It comes as a shock to some lawyers that what is said about them in Facebook, Yelp, Avvo, or Google reviews can determine who gets a client. Lawyers are wary that they’ll get a bad review, and therefore firms should use Birdeye or a similar review management software to manage reviews. Happy clients are guided to their favorite review platform, while unhappy clients are invited to contact the firm.

    Collecting positive reviews and publishing them is very powerful. For example, the Shouse Law Group in California assembles positive reviews on its website5 and the firm’s Facebook page is brimming with positive reviews.

    3) Market with Millennials in Mind

    With 75 million members, the millennial generation is the largest in history. They are roughly ages 18-35. This changes everything:6

    • Baby boomers respond to print, radio, TV, direct mail, newspaper ads, and the Yellow Pages.

    • Millennials respond to online news, podcasts, streaming video, texting, shareable content, content marketing, Facebook, and Google reviews.

    Commission infographics to appeal to millennials, because eye candy can overcome short attention spans (but don’t use cliché images of gavels, scales, or columns). To attract millennials, use the magic of giving things away, such as free downloads, e-books, and free subscriptions to e-newsletters. Give people articles, images, and content they can share. Finally, millennials are socially conscious and want to see what law firms are doing to give back to the community.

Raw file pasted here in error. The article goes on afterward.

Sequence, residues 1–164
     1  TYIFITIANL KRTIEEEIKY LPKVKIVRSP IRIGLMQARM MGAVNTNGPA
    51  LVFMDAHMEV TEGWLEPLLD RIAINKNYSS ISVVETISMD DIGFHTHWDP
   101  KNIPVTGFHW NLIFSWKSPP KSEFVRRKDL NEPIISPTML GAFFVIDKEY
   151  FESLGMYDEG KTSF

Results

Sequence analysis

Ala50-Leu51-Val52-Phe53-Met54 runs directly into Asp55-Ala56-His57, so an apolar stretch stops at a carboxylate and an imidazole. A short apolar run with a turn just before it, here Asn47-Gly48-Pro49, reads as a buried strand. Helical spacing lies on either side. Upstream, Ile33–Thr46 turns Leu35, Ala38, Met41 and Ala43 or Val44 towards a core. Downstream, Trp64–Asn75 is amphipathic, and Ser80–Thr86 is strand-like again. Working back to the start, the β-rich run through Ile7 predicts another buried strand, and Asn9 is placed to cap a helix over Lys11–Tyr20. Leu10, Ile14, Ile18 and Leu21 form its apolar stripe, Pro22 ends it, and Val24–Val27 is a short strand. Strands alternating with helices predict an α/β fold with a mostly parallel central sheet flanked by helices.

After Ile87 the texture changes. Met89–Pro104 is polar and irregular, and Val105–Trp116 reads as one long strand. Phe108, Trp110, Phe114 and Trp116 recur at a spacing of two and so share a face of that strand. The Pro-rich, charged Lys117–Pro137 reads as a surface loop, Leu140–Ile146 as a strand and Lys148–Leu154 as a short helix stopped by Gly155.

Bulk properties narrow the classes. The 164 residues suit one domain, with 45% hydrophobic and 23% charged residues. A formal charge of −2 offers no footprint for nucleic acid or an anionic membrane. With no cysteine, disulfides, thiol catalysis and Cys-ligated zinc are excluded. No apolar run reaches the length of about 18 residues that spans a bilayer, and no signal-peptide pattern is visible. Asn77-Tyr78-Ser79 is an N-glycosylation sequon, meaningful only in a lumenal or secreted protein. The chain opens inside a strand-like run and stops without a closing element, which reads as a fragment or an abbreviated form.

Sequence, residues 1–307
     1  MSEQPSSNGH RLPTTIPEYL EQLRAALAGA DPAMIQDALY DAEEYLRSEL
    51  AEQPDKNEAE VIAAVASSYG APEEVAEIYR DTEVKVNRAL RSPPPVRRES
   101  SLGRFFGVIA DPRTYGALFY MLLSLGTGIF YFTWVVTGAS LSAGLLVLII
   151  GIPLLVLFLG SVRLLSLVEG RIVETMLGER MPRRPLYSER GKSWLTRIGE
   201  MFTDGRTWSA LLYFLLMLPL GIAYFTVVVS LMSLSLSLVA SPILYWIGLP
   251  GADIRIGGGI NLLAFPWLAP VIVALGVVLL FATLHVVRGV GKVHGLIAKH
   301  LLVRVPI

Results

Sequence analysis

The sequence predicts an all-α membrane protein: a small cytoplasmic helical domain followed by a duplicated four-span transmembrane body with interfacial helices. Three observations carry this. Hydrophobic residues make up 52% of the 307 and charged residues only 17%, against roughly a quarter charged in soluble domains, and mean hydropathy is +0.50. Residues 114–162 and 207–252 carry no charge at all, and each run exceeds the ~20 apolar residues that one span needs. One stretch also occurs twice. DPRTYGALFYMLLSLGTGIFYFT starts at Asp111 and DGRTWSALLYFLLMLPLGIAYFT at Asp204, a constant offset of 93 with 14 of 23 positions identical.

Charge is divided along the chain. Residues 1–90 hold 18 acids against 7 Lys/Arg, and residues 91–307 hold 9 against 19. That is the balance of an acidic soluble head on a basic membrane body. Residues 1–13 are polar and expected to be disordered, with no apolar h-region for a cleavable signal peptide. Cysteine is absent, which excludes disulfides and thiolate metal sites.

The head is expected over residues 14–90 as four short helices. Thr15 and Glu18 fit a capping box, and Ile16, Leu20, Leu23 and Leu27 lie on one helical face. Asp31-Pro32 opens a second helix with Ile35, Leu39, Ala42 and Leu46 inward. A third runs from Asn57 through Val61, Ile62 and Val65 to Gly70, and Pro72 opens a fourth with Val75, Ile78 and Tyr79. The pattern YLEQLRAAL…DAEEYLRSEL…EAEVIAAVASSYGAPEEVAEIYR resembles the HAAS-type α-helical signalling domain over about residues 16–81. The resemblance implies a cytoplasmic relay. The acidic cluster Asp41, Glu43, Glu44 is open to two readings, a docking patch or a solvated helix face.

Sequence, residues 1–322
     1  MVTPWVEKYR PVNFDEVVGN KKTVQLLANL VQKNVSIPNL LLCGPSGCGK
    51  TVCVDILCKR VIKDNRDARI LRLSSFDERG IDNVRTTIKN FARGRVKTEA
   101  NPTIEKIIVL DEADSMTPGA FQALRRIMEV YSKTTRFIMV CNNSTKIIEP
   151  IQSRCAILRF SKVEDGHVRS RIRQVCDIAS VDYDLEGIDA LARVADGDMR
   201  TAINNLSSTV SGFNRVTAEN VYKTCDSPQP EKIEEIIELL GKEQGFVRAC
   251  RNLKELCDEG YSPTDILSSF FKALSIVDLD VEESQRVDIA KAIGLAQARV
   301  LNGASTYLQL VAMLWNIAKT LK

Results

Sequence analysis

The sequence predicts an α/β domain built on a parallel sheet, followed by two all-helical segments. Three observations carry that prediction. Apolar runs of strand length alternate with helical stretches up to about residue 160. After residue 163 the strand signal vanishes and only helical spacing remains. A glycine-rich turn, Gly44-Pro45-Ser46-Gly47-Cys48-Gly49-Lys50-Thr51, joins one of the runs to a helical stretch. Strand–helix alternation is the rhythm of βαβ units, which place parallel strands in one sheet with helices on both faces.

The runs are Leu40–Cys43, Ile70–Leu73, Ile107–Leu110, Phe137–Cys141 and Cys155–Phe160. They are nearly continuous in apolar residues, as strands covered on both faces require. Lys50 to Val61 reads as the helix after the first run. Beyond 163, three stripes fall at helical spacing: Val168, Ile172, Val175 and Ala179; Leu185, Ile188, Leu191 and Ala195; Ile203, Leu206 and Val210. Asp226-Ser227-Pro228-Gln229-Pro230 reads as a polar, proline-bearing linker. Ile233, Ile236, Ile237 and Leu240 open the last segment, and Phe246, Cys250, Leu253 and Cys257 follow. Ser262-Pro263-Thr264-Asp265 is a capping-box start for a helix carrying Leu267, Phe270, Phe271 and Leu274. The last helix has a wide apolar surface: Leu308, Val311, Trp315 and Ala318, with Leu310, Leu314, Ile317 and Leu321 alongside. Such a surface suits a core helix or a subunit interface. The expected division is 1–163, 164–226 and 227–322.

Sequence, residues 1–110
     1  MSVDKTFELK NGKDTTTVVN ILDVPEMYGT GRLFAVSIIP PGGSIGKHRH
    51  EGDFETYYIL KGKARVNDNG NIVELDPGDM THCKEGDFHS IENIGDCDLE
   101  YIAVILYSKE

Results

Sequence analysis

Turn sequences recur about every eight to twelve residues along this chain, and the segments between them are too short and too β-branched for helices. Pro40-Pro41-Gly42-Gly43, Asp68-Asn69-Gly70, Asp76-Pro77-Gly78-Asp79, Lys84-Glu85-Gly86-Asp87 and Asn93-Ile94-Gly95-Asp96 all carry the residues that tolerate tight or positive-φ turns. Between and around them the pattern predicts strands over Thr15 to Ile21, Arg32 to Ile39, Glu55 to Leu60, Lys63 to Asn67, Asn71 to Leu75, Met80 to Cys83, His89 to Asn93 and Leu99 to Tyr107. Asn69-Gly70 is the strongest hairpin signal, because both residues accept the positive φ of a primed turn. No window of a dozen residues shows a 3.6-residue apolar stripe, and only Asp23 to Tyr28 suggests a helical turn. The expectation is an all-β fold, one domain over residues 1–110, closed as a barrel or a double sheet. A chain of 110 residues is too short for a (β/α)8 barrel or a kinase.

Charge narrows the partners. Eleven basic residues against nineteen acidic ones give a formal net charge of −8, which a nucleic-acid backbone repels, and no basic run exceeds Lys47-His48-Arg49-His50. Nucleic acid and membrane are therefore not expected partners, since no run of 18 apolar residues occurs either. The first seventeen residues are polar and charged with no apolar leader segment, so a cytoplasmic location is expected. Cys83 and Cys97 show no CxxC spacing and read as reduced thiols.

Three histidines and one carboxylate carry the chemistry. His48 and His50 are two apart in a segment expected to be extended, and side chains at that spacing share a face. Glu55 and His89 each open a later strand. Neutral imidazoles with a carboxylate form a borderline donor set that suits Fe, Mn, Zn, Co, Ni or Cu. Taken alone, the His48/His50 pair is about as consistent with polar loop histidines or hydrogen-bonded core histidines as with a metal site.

4) Think Mobile First

    Design any new site or blog first to display well on a small screen. Mobile now accounts for nearly 70 percent of digital media time spent, according to comScore.7 Mobile device users universally spend an average of double the amount of time online than do desktop users.

    This means your next client will visit your site on a cell phone. Firms should create web pages that are responsive (by expanding or shrinking text to be readable on any size screen). Potential clients get a bad experience when they look at a law firm website that has been crushed down to mouse type.

    To attract millennials, use the magic of giving things away, such as free downloads, e-books, and free subscriptions to e-newsletters.